The button role should be used for clickable elements that trigger a response when activated by the user. On its own,
role="button" can make any element (e.g. <p>, <span> or <div>) appears as a button control to a screen reader. Additionally, this role can be used in combination with the
aria-pressed attribute in order to create toggle buttons.
<input type="button" />and
<input type="image" />) rather than the
buttonrole, as native HTML buttons are more widely supported by older user agents and assistive technology. Native HTML buttons also support keyboard and focus requirements by default, without need for additional customization.
Keyboard and focus
Buttons are interactive controls, and therefore must be focusable. If the
button role is added to an element that is not focusable by itself (such as
tabindex attribute will have to be used to make the button focusable.
Buttons need to be operable by mouse users as well as keyboard users. For native HTML buttons, the button's
onclick event will fire both for mouse clicks and when the space key is pressed while the button has focus. If
role="button" is used to create a custom button, the
onclick event will only fire when clicked by the mouse cursor. Because of this, the developer will have to explicitly add a separate key event handler to the element so that the button can be triggered when the space key is pressed.
role="button"alone is not sufficient. It will also be necessary to add a key event handler that listens for the Space key in order to be consistent with native buttons.
An advantage of using role="button" is that it allows the creation of toggle buttons. A toggle button can have two states: pressed and not pressed. Whether or not a button is a toggle button can be indicated with the
aria-pressed attribute in addition to the
aria-pressedis not used the button is not a toggle buttton.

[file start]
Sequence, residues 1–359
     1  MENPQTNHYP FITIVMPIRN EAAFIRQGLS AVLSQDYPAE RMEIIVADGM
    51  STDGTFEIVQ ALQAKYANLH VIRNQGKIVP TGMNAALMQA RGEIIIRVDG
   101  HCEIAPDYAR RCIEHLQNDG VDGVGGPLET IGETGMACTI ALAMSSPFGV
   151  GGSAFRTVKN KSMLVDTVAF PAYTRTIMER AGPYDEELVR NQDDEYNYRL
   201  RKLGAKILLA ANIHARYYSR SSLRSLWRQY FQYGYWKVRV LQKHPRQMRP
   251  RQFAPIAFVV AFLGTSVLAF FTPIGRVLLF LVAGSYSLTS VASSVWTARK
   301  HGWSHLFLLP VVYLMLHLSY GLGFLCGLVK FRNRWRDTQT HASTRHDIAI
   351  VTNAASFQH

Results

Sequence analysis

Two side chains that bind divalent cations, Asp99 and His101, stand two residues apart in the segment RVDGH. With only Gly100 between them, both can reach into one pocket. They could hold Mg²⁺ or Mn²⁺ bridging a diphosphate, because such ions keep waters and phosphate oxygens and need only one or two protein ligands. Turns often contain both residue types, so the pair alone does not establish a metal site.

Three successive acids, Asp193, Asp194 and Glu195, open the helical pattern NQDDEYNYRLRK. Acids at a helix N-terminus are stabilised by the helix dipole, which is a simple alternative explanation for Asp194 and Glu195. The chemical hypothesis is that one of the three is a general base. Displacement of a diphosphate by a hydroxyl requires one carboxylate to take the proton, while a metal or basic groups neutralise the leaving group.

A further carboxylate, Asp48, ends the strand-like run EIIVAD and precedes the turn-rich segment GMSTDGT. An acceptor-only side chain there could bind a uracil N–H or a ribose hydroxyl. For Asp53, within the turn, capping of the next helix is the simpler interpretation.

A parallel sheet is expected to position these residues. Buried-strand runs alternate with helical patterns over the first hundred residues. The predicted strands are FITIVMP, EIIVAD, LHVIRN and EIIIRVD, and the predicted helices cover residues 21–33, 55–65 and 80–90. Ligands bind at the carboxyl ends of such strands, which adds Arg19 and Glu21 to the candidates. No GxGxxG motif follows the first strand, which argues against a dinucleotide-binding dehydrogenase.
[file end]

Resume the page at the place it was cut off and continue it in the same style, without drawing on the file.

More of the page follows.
aria-pressed="false"is used the button is a toggle button that is currently not pressed.
is used the button is a toggle button that is currently pressed.
aria-pressed="mixed"is used, the button is considered to be partially pressed.
Buttons always need to have an accessible name. For most buttons, this name will be the same as the text inside the button. In some cases, for example for icon buttons, the accessible name can be provided through an
Possible effects on user agents and assistive technology
button role is used, user agents should expose the element as a button control in the operating system's accessibility API. Screen readers should announce the element as a button and describe its accessible name. Speech recognition software should allow the button to be activated by saying "click" followed by the button's accessible name.=
Example 1: A basic button
In the snippet below a span element is given the
button role. Because a
<span> element is used, the
tabindex attribute is required to make the button focusable and part of the tab order. Note that this snippet implies that CSS styles are provided to make the
<span> element look like a button and that
handleBtnKeyUp are event handlers that perform the button's action when clicked and when the Space key is pressed.
<span role="button" tabindex="0" onclick="handleBtnClick()" onKeyUp="handleBtnKeyUp()">Save</span>
Example 2: A toggle button
In this snippet a native HTML button is converted to a toggle button using the aria-pressed attribute. Note that the tabindex attribute does not have to be used here because the
<button> element is already focusable by default. When the button is activated, the
aria-pressed value switches between
ARIA attributes used
Related ARIA techniques
TBD: Add support information for common UA and AT product combinations